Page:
In a land "Beyond PCI," there's trouble brewing. Issues involving everything from tokenization to end-to-end encryption are being debated and the PCI SSC is hiring a consulting firm to look into the implications of these (and other) technologies and processes.
This all raises the issue of "should retailers wait for the PCI SSC to 'bless' or integrate so called 'beyond PCI' technologies into the standards?" My answer is a profound "no." There are too many changes in IT happening too quickly for an organization to wait for a standards committee to issue a clear pronouncement on each of them. Rather, I would suggest that retailers begin now to investigate the value of these technologies, especially tokenization and end-to-end encryption, to determine where one or the other, or both of them, can be used to protect confidential data and business risk and compliance costs.
Encryption is too easy and also too hard. For many companies, encryption is not centrally managed. It is a feature that is easily added to applications, it's built into operating systems, databases, POS devices, etc. Even within the cardholder environment (such as it is), it's not uncommon to find a half-dozen different implementations of encryption and multiple key management systems. In this situation, card data may have to pass through multiple systems internally, and on the way to the acquiring bank or processor. The result is the dreaded "encrypt, decrypt, re-encrypt" scenario which opens up holes to external hackers and unauthorized insiders. A recent report suggests that hackers are using new techniques to decrypt encrypted PIN blocks, which would suggest that the myriad different encryption techniques and ciphers in use today must be "beefed up" to, say AES 256 or TDES, and centrally managed.
Our research suggests there are far too many people who believe that encryption, by itself, is sufficient to prevent breaches or fraud — in fact, many of the 44 US state breach laws provide for an exemption from reporting breaches if the data is encrypted, with the quality of that encryption often poorly defined. Our take on current "tactical" implementations of encryption is that they have many problems and gaps (e.g., failure to encrypt confidential data in transit over private networks) that can be exploited by both internal and external sources. End-to-end encryption can be a major improvement.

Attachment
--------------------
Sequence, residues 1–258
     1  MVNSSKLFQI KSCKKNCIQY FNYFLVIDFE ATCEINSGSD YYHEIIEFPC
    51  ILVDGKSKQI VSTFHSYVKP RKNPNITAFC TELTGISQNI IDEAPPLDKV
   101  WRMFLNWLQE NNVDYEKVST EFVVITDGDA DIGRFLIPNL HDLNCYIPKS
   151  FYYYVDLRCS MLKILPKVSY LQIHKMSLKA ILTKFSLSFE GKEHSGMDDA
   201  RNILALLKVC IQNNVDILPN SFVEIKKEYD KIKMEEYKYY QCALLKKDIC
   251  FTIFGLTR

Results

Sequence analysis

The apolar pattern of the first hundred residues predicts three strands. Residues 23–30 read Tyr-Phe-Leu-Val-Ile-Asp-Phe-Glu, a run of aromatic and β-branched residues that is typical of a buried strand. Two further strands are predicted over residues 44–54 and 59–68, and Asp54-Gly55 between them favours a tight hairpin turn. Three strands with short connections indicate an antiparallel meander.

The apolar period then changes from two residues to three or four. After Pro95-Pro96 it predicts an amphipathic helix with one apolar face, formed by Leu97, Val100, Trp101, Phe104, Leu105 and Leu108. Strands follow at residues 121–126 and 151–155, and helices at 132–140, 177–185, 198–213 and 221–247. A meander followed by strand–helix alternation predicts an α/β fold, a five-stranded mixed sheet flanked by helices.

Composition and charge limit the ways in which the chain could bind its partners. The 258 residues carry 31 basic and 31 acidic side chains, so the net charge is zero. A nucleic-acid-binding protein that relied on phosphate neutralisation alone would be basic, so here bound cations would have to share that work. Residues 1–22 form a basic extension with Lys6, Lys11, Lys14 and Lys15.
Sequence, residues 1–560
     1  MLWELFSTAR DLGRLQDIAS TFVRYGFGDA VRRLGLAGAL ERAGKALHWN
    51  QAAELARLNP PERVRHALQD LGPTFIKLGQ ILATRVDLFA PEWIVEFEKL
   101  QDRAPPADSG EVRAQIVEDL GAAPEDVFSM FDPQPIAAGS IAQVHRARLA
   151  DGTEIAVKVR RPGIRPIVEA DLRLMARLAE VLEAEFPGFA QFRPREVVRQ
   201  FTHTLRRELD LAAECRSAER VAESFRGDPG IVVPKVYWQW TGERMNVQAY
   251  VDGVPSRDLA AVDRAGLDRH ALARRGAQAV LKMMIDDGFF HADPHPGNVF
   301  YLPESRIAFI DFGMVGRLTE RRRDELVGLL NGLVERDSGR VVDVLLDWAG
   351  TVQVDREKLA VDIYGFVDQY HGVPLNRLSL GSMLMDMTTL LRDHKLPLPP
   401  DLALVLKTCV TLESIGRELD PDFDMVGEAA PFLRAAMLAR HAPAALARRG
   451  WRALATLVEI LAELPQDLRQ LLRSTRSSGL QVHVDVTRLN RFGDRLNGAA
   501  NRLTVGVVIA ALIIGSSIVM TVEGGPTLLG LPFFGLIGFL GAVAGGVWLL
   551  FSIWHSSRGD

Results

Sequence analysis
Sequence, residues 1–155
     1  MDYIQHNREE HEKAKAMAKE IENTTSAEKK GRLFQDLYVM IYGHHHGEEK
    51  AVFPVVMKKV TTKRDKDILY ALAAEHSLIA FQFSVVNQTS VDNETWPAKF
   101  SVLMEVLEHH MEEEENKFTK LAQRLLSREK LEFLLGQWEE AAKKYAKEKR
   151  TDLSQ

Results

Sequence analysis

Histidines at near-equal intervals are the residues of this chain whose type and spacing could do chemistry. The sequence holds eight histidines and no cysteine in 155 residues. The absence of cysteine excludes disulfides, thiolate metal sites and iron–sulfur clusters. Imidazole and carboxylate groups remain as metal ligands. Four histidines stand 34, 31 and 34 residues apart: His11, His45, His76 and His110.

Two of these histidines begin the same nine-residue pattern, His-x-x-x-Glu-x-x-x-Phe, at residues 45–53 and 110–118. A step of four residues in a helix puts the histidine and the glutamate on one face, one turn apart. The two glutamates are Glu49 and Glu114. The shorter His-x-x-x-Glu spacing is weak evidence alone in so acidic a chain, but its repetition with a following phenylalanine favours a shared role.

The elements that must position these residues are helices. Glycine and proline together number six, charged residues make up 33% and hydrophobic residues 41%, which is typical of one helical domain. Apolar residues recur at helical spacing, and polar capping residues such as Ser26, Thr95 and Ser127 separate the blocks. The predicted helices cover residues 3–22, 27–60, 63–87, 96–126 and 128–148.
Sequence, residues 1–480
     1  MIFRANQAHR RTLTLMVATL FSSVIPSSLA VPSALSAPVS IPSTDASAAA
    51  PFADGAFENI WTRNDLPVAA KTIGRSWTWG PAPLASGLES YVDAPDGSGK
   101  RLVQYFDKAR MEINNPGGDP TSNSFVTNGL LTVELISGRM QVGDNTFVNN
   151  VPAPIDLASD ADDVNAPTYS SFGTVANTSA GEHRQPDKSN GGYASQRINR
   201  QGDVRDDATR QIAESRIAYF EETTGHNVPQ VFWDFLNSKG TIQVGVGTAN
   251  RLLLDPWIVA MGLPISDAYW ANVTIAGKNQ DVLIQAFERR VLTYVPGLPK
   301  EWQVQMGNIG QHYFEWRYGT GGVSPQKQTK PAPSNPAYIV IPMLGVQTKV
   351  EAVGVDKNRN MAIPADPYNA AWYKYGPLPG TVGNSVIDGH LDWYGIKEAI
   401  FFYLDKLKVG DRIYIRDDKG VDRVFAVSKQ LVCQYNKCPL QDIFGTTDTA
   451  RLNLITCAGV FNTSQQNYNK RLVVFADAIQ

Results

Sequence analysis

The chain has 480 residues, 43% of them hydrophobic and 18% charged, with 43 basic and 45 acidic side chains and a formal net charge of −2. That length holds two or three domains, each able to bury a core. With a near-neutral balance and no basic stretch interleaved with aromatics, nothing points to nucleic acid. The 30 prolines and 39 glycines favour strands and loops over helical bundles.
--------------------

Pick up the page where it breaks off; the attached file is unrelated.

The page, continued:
The value proposition behind end-to-end encryption is that a company encrypts the data immediately at the entry point (the POS, the E-Commerce payment software and the call center software) and then the data remains encrypted throughout the process of passing it to the acquirer, and PAN data is never stored unencrypted by the merchant. Several products are available for the POS channel and numerous products are available for the E-commerce channel, but any of these products can be rendered ineffective if a company insists on storing and using the data for other applications.
The other key point with end-to-end is that some companies are focused on an "enterprise view" of end to end, rather than defining one of the end points as the acquirer. In addition, the policies for and the processing of chargebacks in some companies tends to mess up the end-to-end scenario. The main thing to remember regarding encryption is that it is but one of 12 major PCI-mandated controls, even when it is end-to-end. I think the PCI study will likely conclude that other controls are still needed even if encryption is end-to-end.
Speaking of things that are no longer needed, there is a lot of discussion in the industry that all a company has to do is implement tokenization and they will no longer need to encrypt data. In an ideal world, that may well be true. However, in "beyond PCI" land, we haven't found any Level 1 or Level 2 merchant that was able to actually get rid of all their card data even though they implemented tokenization. Some of the reasons include business requirements, the cost to change their production applications, and the difficulty of actually finding and purging all their card data.
On the other hand, some smaller organizations that are single-channel and have a highly centralized data architecture, those smaller businesses have been most successful at handing off the data and compliance headaches to tokenization companies. Our point is simple: end-to-end encryption and tokenization will likely exist side-by-side in nearly all large and most midsize businesses for the next 2-3 years, so suggesting that one can take the place of the other for such organizations does not take into account the reality of the large, multi-channel merchant or service provider.
Althoughy I like to see a fight to the death as much as the next guy, I think the winning strategy for 2009 and 2010 will require being able to demonstrate how tokenization and end-to-end encryption can co-exist within large and midsize enterprises, rather than for purveyors of one control to suggest the other control is irrelevant or unnecessary. The whole point of PCI DSS is "defense in depth" and in that spirit, we counsel "peaceful coexistence," at least for now. If you would care comment, and are willing forego weapons of mass destruction in favor of constructive dialog, please visit us at the PCI Knowledge Base or send an E-mail to [email protected].